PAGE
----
Universal's DOOM: ANNIHILATION is Doing the Franchise a Disservice, But Can They Right the Ship?
The negative reaction surrounding the film's trailer should serve as an indication of what fans don’t want to see.
By Jay Gervais
Let’s make a plausible prediction and just call out DOOM: ANNIHILATION for what it is: another disappointing stinker for Universal and its DOOM film series. As you may recall, we recently reported on the revealing of the title of the film, the synopsis, and the first official images. Soon thereafter, the first trailer for the film was released. Based on the overall reception we reviewed, fans of the series are not very impressed or even excited about DOOM: ANNIHILATION.
Seriously, why does this film even need to exist other than Universal trying to capitalize on the upcoming DOOM Eternal? While there is no confirmed release date for DOOM Eternal, we’re sure to get a better idea of when the game is dropping either at E3 in June or QuakeCon the following month, at the latest. Either way, a 2019 release is seemingly the most likely scenario, especially when you consider that Mick Gordon, the man behind the music for DOOM Eternal, has begun work on the soundtrack this month.
Considering DOOM: ANNIHILATION is a direct-to-home video release, we should probably lower our expectations and give it a fair shake, but come on. Let’s just have a look at the premise of the film, which is basically about a group of UAC space marines responding to a distress call on a Martian moon and are there to rescue some unfortunate souls located in a research base. When they get there, the place is overrun with lab coat zombies – ahem, demonic creatures who threaten to bring Hell on Earth. Sounds a bit like the 2005 movie, doesn’t it?
In that film, a security breach at a Mars science facility causes a group of space marines to be sent to investigate what's going on. To quickly summarize the remainder of the film, of which there isn’t much more to talk about, we learn an outbreak occurred after some UAC experiments went haywire, causing humans in the facility to be infected and mutate into grotesque creatures. Following a really cool but now embarrassingly out-of-date first-person shooter scene, Reaper (Karl Urban) and an infected Sarge (Dwayne Johnson) duke it out. Reaper gets the upper hand and manages to escape the facility before it’s destroyed along with Sarge.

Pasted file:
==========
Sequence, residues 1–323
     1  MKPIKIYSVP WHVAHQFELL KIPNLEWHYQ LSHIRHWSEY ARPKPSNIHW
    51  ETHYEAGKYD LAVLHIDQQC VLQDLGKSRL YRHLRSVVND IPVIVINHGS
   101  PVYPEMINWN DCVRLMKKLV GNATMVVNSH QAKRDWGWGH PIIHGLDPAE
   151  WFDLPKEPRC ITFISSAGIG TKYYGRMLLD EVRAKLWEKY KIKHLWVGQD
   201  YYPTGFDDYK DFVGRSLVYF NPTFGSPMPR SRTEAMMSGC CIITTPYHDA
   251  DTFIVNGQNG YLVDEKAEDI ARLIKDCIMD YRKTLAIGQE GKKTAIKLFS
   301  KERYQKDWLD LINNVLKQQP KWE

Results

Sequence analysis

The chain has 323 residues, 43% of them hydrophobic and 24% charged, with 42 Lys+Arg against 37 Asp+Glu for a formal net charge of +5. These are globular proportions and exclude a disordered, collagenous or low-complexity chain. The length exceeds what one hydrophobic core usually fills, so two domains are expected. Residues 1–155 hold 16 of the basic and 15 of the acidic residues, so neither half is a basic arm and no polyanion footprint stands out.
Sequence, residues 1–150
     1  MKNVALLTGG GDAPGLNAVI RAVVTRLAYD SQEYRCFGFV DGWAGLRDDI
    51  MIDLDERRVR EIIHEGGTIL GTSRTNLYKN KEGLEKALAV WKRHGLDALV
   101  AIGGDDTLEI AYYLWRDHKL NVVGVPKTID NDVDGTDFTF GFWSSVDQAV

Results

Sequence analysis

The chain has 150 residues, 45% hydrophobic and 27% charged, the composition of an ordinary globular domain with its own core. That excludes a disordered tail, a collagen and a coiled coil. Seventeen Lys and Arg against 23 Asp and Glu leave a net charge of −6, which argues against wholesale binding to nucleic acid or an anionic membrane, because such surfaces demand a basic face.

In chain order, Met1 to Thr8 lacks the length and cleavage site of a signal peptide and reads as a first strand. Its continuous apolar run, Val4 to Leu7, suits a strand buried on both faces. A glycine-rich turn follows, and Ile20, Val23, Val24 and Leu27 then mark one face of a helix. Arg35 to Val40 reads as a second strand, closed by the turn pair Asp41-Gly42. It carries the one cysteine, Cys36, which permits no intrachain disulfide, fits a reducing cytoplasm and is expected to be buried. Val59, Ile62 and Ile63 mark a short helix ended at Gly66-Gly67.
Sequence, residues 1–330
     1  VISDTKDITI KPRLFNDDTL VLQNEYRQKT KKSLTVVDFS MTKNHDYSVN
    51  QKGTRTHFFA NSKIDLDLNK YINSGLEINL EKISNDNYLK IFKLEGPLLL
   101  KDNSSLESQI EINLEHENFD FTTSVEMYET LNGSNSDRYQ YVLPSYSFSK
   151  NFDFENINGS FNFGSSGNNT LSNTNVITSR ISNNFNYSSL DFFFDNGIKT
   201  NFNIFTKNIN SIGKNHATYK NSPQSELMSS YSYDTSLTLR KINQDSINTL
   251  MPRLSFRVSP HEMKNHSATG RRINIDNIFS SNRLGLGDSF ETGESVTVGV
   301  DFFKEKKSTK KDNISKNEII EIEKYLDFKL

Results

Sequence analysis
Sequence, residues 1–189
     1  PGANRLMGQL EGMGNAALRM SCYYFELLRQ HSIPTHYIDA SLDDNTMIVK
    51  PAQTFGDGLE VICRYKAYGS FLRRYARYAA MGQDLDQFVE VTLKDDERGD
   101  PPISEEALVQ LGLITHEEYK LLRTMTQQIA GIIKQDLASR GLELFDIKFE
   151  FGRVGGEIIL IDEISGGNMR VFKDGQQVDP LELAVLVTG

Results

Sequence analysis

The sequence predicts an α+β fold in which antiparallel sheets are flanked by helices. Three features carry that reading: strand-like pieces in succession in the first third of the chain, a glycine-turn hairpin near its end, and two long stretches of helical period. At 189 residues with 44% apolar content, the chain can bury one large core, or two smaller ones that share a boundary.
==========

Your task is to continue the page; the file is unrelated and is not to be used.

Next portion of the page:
As for DOOM: ANNIHILATION, it wouldn’t be too much of a surprise if this film takes a similar approach to its story. One thing is for sure, which is that it doesn’t seem to be honoring the DOOM legacy in any meaningful way. Are we seriously getting another movie about space marines heading off to a doomed facility and inevitably into a hellish mess? This formula has been done a dozen times over and much more successfully by films like Aliens and Starship Troopers.
Perhaps it’s just not working out for these DOOM movies due to the over-the-top nature of the video game series these films take their inspiration from? The 2016 video game, DOOM, featured highly-detailed environments, such as the cold aesthetics of the UAC facility and the nightmare-inducing imagery of Hell itself. The Doom Slayer, our cut-to-the-chase character we assume in the game, carries out insane acts of violence as all hell breaks loose. Armed with some really big and outrageous guns, the Doom Slayer spends the entire game ripping and tearing through demons as he attempts to track and stop Samuel Hayden, who uses him to locate an artifact that controls an energy source.
With that said, when you aim to make a serious DOOM movie and expect to come out on top, this is where things go wrong. So, then, when exactly has it gone right? We need to go back to 1996 with the hilarious and awesome Doom comic book by Michael "Splatter" Stewart, Steve "Body Bag" Behling, Tom "Gallows" Grindbeg, and Edd "Dead" Fear. It takes the already paper-thin premise of the original 1993 video game and hits a serious home run. This comic is seriously ridiculous, but we’ll let you be your own judge. If you’re curious about this comic book, have a look here.
Perhaps what we need is an animated series like Castlevania, or CGI-films similar to what the Resident Evil series did with Resident Evil: Degeneration and Resident Evil: Vendetta? How do you think the DOOM series should venture away from its primary source as a video game? Things clearly don’t seem to be working out very well in its current state and this awful-looking DOOM: ANNIHILATION movie.
We’d love to hear your thoughts in the comments below or on any of our social media accounts. Stay tuned to Dead Entertainment for everything DOOM!
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